If you’re looking for the perfect, traditional St. Michael’s Bannock recipe, you just found it!
We enjoy this recipe so much, and we are sure you and your family will as well.
St. Michael’s Bannock
Preheat oven to 375 degrees
- 2 cups of flour
- 2 tablespoons sugar
- 1/2 teaspoon baking powder
- 1/2 teaspoon baking soda
- 1/4 teaspoon salt
- Cut in 2 tablespoons butter (not margarine)
- 1 cup buttermilk or yogurt
- handful of raisins or currants
On a floured surface, knead the dough until smooth, then pat into an 8 inch round loaf, and bake on a greased cookie sheet for 40 minutes.
For a more festive look, score the dough with crosses.
Cool on a cookie rack.
May be served with butter or jam. But honestly….we ate it plain, and it was so delicious!
It also makes awesome toast in the morning. I had some this morning, with my very necessary cup of coffee, in my House of Joyful Noise mug, that I still love so much!
Now, just because it is called St. Michael’s Bannock, doesn’t mean you have to wait until next Michaelmas to make and eat it. Because if you think we’ll be doing that, you’re crazy!! We’ll just re-name it if we have to! Thanksgiving Bannock, Christmas Bannock, St. Patrick’s Day….., Easter…….
This looks delicious but I rather think you’ve not named the recipe correctly as this is nothing like Michael’s Bannock that is cooked in a cast iron skillet
Guys, Thanks For sharing this Great Recipe. My Family Loved it. I am definitely sharing this recipe and this website with my friend. Hope they also love it. Thank you again for sharing such a great recipe.
Is it 1/2 teaspoon of baking soda? the exact measure is left out. Making this for Michaelmas this weekend!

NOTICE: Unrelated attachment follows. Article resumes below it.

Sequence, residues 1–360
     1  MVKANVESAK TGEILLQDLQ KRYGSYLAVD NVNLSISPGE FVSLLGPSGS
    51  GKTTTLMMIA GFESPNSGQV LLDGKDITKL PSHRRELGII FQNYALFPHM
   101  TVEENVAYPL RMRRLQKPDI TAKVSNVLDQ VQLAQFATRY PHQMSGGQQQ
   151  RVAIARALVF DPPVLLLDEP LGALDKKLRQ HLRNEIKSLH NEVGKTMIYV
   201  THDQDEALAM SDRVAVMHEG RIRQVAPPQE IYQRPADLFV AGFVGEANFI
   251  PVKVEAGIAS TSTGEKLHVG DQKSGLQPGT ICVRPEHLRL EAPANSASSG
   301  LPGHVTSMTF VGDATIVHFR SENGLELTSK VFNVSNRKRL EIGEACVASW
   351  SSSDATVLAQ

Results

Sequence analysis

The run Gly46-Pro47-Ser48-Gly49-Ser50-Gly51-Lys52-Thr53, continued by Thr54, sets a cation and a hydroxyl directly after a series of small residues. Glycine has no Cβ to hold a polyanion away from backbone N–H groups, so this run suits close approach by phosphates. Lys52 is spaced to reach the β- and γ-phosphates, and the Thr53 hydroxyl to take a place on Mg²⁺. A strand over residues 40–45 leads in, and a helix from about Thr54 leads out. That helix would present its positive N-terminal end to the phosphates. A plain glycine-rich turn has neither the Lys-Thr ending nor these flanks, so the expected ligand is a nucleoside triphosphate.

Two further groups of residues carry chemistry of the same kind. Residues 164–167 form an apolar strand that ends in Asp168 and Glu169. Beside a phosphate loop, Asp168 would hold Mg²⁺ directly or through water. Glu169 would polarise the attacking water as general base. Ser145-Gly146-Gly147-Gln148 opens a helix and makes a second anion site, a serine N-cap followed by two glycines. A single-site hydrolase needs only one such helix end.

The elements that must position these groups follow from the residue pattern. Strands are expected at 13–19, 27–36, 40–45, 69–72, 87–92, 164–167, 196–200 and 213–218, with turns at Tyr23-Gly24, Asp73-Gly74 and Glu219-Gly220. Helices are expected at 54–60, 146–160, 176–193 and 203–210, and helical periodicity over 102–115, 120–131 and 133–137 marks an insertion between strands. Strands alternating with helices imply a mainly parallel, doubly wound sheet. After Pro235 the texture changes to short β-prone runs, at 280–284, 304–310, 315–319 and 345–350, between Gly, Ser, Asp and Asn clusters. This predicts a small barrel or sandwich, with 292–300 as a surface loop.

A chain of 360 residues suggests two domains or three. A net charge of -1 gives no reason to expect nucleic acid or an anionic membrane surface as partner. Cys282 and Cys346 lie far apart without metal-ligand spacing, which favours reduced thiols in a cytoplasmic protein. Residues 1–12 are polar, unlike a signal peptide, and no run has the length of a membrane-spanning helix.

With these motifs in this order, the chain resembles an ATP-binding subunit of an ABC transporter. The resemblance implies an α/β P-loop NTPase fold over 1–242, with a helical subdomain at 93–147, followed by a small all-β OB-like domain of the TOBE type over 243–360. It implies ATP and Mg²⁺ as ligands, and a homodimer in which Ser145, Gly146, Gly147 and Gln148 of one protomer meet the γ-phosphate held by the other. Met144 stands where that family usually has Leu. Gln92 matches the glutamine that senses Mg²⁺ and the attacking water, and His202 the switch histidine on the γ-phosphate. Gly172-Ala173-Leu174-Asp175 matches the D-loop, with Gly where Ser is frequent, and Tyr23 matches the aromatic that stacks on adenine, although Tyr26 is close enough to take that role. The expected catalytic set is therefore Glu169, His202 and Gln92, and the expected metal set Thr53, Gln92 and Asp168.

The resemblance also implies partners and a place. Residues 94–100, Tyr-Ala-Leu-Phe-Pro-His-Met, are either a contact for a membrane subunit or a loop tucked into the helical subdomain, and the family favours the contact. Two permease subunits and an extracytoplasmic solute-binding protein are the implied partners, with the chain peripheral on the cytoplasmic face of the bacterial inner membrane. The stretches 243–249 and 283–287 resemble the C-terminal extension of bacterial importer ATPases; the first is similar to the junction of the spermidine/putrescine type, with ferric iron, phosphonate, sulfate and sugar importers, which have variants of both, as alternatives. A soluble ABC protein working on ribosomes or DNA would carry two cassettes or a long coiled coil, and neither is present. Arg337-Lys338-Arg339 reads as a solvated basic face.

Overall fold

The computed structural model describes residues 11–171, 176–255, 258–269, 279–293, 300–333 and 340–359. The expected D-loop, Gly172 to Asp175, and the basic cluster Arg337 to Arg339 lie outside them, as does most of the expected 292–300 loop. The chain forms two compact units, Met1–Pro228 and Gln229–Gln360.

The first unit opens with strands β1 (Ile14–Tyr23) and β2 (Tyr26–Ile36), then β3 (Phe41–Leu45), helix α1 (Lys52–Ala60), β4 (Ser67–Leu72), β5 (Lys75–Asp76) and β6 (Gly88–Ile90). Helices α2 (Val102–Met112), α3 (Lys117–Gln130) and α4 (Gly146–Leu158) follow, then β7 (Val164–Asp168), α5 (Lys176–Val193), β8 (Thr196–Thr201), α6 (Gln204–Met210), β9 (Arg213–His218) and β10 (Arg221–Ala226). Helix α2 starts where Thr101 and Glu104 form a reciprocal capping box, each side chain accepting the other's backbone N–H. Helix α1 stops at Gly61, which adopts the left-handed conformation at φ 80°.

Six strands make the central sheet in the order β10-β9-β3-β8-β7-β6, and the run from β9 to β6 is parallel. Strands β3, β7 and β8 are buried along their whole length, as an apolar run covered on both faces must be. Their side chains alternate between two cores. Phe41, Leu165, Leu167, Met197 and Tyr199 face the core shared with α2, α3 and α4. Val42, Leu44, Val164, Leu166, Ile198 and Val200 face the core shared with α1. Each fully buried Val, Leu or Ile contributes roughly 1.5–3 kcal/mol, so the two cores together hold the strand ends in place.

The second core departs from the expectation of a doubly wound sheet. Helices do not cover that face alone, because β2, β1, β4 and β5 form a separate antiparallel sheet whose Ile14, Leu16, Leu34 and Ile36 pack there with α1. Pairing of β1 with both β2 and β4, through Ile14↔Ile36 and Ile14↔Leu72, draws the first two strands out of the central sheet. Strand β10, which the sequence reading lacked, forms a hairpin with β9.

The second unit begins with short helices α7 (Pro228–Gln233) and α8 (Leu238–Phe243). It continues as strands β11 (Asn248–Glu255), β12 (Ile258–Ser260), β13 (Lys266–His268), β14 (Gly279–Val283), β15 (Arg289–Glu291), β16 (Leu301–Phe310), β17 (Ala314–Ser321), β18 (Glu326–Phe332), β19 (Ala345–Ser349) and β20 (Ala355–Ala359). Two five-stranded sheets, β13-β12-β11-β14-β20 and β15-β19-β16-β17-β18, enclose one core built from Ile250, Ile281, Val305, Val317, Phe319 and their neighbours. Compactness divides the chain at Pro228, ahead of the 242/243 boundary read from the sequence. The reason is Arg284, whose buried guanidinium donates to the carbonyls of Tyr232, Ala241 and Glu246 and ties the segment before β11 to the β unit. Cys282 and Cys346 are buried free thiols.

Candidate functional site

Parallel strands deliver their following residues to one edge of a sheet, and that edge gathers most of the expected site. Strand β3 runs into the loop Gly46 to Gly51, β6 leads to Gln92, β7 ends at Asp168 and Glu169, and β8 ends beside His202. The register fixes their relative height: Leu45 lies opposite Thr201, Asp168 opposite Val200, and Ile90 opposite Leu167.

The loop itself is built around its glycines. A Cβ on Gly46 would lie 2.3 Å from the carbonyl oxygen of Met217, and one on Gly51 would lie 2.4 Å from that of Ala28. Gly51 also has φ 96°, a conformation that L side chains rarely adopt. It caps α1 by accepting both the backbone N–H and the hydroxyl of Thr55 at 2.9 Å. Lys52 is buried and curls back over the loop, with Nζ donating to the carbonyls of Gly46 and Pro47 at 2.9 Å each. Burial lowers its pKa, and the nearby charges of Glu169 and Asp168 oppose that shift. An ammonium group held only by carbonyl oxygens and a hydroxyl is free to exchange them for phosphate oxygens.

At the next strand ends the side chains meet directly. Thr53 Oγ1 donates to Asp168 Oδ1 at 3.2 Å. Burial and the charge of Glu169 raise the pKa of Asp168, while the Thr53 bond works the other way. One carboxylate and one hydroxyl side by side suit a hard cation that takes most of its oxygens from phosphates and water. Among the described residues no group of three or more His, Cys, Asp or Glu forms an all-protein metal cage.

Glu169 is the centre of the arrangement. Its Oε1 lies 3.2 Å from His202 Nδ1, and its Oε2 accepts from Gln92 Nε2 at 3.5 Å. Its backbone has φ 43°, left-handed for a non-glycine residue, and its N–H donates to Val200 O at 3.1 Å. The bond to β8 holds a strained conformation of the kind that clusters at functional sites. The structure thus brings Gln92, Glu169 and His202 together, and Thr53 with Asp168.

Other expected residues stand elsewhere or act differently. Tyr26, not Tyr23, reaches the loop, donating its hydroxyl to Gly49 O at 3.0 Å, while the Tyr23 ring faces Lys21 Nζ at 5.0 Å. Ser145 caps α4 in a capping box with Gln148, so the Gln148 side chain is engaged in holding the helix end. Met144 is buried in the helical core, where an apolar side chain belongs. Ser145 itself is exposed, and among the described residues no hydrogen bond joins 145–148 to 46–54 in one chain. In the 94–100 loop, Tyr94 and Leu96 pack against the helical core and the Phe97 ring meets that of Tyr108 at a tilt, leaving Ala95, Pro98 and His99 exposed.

Hi Laura C! I am sorry I am just seeing your comment today! I hope I’m not too late. Today is Michaelmas! (Yikes!) YES, it is 1/ teaspoon. Thank you for asking and pointing out that missing word. I will correct it in the blog post recipe right now.
Happy Michaelmas! From our family to yours…..
Laura and Family / House of Joyful Noise blog
Hello! Thanks for this recipe! I have to admit, I originally wanted to be a purist and do the recipe at CatholicCulture.org because the little research I did had all said that Michaelmas bannocks were made with rye, oat and barley meals… but then I saw this line in one of those articles:
“…Later, the Michaelmas Bannock faded from tradition and was replaced with scones.”
And that was all the permission I needed! Yay, for this recipe that doesn’t require me to go out and buy special ingredients at the last minute! 😀 (Thanks again!)
HA, Sara! We understand wanting to follow tradition as much as possible. Hope you enjoyed your Bannock, and had a wonderful Feast of the Archangels day!
Thanks for dropping my our blog.
The Richard Family / House of Joyful Noise blog
Mmm, that looks so tasty! I think I’ll have to try this recipe. The bannok that I’m used to having is the traditional Indian / Metis version cooked outside on a stick. It is an aquired taste, of which I have not acquired : )